Amazon Shipping Scam: How It Works
The list of Amazon scams continue to grow every day, the newest addition being the Amazon Shipping Scam. Amazon is one of the most widely used online retailers and the biggest e-commerce site, with over 2.5 billion visits each month. The main reason for Amazon’s overwhelming popularity is its ease of use for consumers.
However, with this popularity comes a downside; scams aimed at bilking customers of the online retail giant. Besides the Amazon Jobs From Home approach, crooks have been hitting with a series of other fraudulent activities when it comes to shipping.
How does the Amazon Shipping Scam work? There are four variations. Let’s take a look:
Scenario 1: Shipment Is Sent To a Different Address
The first variation of the Amazon Shipping Scam is the “Deliberately Wrong Address” approach. Watch the video below to see this scam in action:
Essentially, this is how it works: you purchase an expensive item (camera, laptop, etc.) and pay for it. The third-party seller on Amazon sends a package to your city, but one that doesn’t contain the product – only garbage or heavier useless items. The scammer sends the box to a different address – a commercial location – where the package is received with a signature by a receptionist.
Creating a record of delivery, the scammer has the job done. When you complain about the package never being handed over despite the notifications, the signature along with the confirmation of delivery is shown, making refund impossible.
Scenario 2: Amazon Can’t Ship To Your Location
The second variation of the scam is the “Amazon can’t ship to your location” approach.
In this case, once you try to purchase a low-priced item and put it in your online cart, the seller sends a notification saying that “the item can’t be shipped to your location”. Amazon Shipping Scam 101.
After a day or two, you will get an email saying that the item has been shipped to your address and “Amazon requires you to wire the money”. Basically, the scammer diverts sales outside the checkout process. And, of course, he doesn’t send the product.
Scenario 3: Incorrect Shipping Address
The third variation of the Amazon/DHL package scheme is a phishing scam. It is centered on Amazon or DHL shipping notifications, involving scammers sending you an email verification of your processed Amazon order but the email contains an incorrect shipping address.
The victim is then required to click a link in the email to correct the information; when the link is clicked malware is released onto the computer or device that captures passwords or private information.
Scenario 4: Tracking Number Attached
In the fourth variation of the Amazon Shipping scam, criminals claim to be from well-known shipment services. Examples are DHL, UPS, or FedEx, in which they include terms such as ‘tracking notification’, tracking number’, ‘pickup date’, or ‘Processing completed successfully’. Just as in the above Amazon example, the zip file attached to the message contains malware.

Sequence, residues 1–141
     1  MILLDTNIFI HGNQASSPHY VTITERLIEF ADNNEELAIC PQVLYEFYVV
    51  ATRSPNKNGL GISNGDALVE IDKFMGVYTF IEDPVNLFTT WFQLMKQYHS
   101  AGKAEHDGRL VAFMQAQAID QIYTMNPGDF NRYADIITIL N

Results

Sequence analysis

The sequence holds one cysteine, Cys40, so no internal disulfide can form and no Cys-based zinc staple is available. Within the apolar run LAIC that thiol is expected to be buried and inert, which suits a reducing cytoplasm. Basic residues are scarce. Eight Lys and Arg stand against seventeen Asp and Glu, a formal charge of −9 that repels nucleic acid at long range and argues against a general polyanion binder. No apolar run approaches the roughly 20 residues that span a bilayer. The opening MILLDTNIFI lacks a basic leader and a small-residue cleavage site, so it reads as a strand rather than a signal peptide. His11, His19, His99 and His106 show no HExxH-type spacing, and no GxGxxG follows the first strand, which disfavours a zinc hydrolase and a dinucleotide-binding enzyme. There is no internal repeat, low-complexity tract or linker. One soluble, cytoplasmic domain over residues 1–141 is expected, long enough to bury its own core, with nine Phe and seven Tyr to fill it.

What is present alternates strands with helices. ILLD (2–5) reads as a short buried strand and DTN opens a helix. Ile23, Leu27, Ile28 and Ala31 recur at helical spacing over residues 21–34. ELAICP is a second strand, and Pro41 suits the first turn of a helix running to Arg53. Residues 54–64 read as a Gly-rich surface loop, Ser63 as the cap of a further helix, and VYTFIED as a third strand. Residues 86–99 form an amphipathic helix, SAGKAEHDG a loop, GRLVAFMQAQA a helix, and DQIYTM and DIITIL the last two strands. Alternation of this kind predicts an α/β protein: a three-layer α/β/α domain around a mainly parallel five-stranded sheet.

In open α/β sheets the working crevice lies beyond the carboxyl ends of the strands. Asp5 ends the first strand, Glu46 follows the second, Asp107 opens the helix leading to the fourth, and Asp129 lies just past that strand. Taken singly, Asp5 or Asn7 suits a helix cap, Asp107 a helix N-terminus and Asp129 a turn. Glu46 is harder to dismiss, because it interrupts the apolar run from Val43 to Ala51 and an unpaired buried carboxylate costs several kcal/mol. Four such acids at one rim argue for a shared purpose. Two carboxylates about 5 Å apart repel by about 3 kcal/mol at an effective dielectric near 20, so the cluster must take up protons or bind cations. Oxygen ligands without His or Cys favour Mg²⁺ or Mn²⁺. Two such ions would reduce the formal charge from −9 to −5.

Such schemes are the UPS Delivery Text Message Scam or the bogus FedEx Text Message.
Amazon Delivery Scam: How To Avoid
If you receive one of these order verification look at it closely. Are there misspellings? Is the domain in the email address from Amazon (i.e. firstname.lastname@example.org)? If not, these are good indicators that the email is fraudulent.
To protect yourself, if you are in any way concerned about the validity of email verification from any online retailer, contact their customer service department; they will be able to verify if the communication came from them.
Shopping online is a convenient way to do business; however, make sure to take the proper precautions to protect your identity while doing so.
Acording to Amazon’s Help page on their official website, here are a few tips for you to keep in mind:
“DO NOT send money—by cash, wire transfer, Western Union, PayPal, MoneyGram or other means, including by Amazon Payments—to a seller who claims that Amazon or Amazon Payments will guarantee the transaction, refund your funds if you are not satisfied with the purchase, or hold your funds in escrow.
DO NOT make a payment to claim lottery or prize winnings, or on a promise of receiving a large amount of money.
DO NOT make a payment because you are “guaranteed” a credit card or loan.
DO NOT respond to an Internet or phone offer that you aren’t sure is honest.
DO NOT make a payment to someone you don’t know or whose identity you can’t verify.
When in doubt, ask the intended recipient for more information about the purpose and safety of the requested payment. Do not send the payment until you are comfortable with the transaction.
From time to time you may receive emails that look like they come from Amazon Payments, but they are falsified. These emails may direct you to a website that looks similar to the Amazon Payments website; you might even be asked to provide account information such as your email address and password combination.
These false websites can steal your sensitive login or payment information, which is then used to commit fraud. Some phishing messages contain potential viruses or malware that can detect passwords or sensitive data. We recommend that you install an anti-virus program and keep it updated at all times.
Here are some key points to protect yourself from fraudulent emails: